Saturday, August 23, 2014
A Mess of Green Beans
LUCY BURDETTE: We've had a big problem in our house this summer: way too many green beans.
Of course I put the problem out to my Facebook friends. And got some amazing recipe suggestions back, ranging from Asian style to good old-fashioned southern green beans cooked a long time with bacon (I think that might have been Kathy Reel,) and, I was reminded about how delicious pickled green beans are.
One of the best Bloody Marys I was ever served used green beans as the stirrer for the drink. (I like interesting items in my Bloody Marys, especially olives, pepperoncini, and pickled green beans or okra. The night I got one with a shrimp on a skewer, I thought maybe they had gone off the deep end.)
This recipe for pickled dilly green beans is an easy one, but the results need to be stored in the refrigerator. If you want to put some by for the winter months, you would need to cook the jars of beans in a boiling water bath. Don't fool around with this, as I would hate to see friends done in by botulism!
4 1/2 cups of green beans
2 cups white vinegar
2 cups water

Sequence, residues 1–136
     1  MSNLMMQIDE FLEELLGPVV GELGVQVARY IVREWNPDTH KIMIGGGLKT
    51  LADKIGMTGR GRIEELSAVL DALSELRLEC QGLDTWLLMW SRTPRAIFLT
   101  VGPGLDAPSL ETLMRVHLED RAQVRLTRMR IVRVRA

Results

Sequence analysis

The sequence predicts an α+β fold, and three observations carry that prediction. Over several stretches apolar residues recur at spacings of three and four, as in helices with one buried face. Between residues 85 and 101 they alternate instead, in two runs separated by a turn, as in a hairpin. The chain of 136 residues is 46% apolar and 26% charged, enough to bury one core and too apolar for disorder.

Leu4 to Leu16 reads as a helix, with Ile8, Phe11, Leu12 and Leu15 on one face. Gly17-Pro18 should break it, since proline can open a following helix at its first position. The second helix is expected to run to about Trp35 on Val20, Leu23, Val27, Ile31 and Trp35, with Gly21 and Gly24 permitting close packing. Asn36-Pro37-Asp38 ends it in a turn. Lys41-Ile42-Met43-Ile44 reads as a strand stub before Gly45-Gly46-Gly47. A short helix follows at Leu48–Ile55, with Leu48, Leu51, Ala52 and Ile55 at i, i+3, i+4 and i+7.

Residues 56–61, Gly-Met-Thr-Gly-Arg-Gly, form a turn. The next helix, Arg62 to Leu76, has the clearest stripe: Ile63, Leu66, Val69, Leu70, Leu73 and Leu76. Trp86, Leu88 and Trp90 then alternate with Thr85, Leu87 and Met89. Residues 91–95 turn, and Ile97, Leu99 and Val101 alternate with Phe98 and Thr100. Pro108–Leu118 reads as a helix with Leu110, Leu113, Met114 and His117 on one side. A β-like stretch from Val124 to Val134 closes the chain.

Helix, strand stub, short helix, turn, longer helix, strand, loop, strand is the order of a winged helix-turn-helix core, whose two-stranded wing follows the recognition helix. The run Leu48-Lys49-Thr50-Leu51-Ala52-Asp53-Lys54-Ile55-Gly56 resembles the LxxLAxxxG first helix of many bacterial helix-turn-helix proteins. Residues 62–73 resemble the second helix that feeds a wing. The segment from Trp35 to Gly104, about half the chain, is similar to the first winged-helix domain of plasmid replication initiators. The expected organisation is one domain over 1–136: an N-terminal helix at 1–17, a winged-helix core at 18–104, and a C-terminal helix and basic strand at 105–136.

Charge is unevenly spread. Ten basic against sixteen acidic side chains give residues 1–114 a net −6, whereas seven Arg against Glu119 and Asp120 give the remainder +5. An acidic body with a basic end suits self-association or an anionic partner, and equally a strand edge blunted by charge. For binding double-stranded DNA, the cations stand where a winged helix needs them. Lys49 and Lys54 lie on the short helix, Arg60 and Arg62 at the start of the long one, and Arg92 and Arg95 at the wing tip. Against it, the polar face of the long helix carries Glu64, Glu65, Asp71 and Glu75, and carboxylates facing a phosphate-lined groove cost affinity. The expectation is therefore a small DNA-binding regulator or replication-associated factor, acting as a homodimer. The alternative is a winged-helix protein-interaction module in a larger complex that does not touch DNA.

5 tablespoons sugar
3 teaspoons kosher salt
Four large heads of dill
1 teaspoon black peppercorns
Two cloves of garlic
1 teaspoon red pepper flakes or two hot peppers
Combine the vinegar, water, sugar, and salt in a sauce pan and simmer until the ingredients are well combined. Nestle the dill sprigs, the peppercorns, the garlic cloves, and the red pepper into clean quart canning jars.
Wash the green beans, clip off the ends, and blanch them about three minutes in boiling water. When they are still green and firm, dump them into a bowl of ice water to stop the cooking. When the beans are cool, arrange them in the canning jars. Divide the hot vinegar mixture between the two jars and seal the lids. Refrigerate.
The beans can be eaten any time after 24 hours. Of course I had to sample one right away. The marinade will get stronger and more delicious as time passes.
Recipe for Bloody Mary right here...
Lucy Burdette is the author of the Key West food critic mysteries.
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